Despite the cease-fire and the general lack of hostilities between the government and the FNL, abuses by the FNL against civilians continued and occurred primarily in FNL traditional strongholds of Bujumbura Rural, and the northern provinces of Bubanza, Cibitike, Muramvya, and Kayanza. These abuses included killings, kidnappings, rapes, theft, extortion, the forcible recruitment of children as soldiers, and the use of forced labor.
RESPECT FOR HUMAN RIGHTS
1. Respect for the Integrity of the Person, Including Freedom From:
a. Arbitrary or Unlawful Deprivation of Life
Neither the government nor its agents committed any politically motivated killings; however, security forces killed civilians during the year, although there were fewer such incidents than in the previous year (see section 1.g.). Unlike in the previous year, there were no reports of summary executions or killings of civilians in reprisal for rebel attacks or for suspected collaboration with rebel forces. However, in October during a clash between rebel forces loyal to Agathon Rwasa and dissident rebels under FDN protection, two civilians died as a result of the fighting.
In September an intelligence agent shot and killed a truck driver for failing to provide the location of an individual whom the agent was seeking.
No action was taken in the February 2006 death of a detainee who was severely beaten while in police custody.
At year's end a sub-lieutenant and police officer accused of the July 2006 killings of five soccer fans were in prison awaiting trial.
At year's end the detained SNR member and police officer arrested in connection with the August 2006 deaths of four persons awaited trial in Kinama.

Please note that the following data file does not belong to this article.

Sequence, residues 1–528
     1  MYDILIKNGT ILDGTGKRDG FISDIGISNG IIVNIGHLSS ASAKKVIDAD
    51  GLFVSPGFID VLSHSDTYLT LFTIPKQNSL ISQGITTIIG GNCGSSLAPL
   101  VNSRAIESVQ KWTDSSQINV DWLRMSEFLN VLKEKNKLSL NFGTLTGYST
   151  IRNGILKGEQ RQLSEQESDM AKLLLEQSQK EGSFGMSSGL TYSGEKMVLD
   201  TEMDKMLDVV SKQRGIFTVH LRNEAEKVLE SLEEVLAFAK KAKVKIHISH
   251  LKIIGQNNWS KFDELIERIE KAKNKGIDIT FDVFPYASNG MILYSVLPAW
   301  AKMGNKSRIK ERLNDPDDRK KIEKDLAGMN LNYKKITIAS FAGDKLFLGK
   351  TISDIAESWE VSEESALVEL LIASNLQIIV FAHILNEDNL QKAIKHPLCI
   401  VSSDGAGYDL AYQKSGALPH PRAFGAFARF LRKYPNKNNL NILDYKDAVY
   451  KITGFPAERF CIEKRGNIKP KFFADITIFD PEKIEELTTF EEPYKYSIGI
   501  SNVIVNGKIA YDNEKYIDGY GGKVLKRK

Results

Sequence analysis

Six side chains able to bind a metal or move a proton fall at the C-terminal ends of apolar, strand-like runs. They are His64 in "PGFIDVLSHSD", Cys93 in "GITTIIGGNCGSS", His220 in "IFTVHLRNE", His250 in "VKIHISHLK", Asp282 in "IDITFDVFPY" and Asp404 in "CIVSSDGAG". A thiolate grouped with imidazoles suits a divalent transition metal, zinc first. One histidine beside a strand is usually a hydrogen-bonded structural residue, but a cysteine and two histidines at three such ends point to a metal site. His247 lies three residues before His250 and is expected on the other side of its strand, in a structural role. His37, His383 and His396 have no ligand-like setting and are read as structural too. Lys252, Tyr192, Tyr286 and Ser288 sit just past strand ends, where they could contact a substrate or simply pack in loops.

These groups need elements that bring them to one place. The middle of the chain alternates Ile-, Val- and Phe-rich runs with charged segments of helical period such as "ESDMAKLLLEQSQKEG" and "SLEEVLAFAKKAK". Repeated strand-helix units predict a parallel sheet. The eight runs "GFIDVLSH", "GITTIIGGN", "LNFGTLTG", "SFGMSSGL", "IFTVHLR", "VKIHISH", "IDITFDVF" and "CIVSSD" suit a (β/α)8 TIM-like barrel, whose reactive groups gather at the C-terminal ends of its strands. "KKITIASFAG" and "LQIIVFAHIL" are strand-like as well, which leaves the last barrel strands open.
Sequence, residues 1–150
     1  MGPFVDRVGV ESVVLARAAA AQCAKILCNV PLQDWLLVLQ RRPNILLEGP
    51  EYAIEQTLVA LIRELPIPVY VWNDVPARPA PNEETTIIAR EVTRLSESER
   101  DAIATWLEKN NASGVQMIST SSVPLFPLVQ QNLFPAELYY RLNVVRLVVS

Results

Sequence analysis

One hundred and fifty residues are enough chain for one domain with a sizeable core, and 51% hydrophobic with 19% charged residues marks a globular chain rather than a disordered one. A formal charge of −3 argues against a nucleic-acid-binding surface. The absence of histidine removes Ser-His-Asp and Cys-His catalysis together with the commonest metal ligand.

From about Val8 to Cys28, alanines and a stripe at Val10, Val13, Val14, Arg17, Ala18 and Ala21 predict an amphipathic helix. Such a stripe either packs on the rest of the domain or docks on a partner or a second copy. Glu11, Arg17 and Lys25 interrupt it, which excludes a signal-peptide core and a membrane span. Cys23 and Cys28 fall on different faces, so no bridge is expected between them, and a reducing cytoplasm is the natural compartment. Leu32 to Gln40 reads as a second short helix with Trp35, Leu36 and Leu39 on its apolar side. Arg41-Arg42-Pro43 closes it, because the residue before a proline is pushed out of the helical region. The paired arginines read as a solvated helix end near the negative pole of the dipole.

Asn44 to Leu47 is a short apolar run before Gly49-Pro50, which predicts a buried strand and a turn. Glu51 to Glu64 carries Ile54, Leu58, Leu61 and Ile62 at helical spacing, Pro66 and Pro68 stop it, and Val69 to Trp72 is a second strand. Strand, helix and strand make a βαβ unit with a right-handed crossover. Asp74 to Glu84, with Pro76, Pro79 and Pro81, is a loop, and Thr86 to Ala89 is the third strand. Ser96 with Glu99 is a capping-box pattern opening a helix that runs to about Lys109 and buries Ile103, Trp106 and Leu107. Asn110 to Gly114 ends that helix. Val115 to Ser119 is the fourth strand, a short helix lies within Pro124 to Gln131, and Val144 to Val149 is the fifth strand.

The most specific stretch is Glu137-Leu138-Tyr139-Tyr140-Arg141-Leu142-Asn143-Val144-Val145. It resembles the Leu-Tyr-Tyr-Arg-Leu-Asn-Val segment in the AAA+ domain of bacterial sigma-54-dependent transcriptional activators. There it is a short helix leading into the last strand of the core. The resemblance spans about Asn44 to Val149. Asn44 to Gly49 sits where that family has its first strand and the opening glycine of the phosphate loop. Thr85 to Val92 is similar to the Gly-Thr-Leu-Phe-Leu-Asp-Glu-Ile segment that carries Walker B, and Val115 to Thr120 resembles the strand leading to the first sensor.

FNL rebels killed numerous persons during the year and committed serious abuses against the civilian population, although there were fewer such reports than in the previous year.
There continued to be reports of deaths and injuries attributed to the use of grenades and mortars; however, unlike in the previous year, there were no deaths as a result of unexploded ordinance or landmines laid in previous years by government or rebel combatants.
No persons were charged during the year in connection with the 2006 bombings in Gihosha, Muganga Nord, and the Nyakabiga Commune.
There continued to be reports of killings of individuals accused of sorcery. Incidents included a January 11 killing of a man in Bujumbura Rural, allegedly by members of the FNL; a January 18 killing of a woman in Ruyigi Province by members of the local commune; the May 29 killing of two persons in Ntega; and the August 18 killing of three persons in Kirundu Province. Despite a 2006 announcement by the president that local authorities would be held accountable for such killings, authorities took no action against the perpetrators.
There were no confirmed reports of politically motivated disappearances, and unlike in the previous year, there were no politically motivated kidnappings. The Association for the Protection of Human Rights and Detained Persons (APRODH) reported that no detainees were missing from detention facilities during the year. However, the whereabouts of the 10 detainees missing in 2006 were still unknown.
c. Torture and Other Cruel, Inhuman, or Degrading Treatment or Punishment
The constitution and law prohibit such practices, however, the UN, Human Rights Watch (HRW) and domestic nongovernmental organizations (NGOs) League Iteka and APRODH reported that members of the security forces beat and tortured civilians and detainees.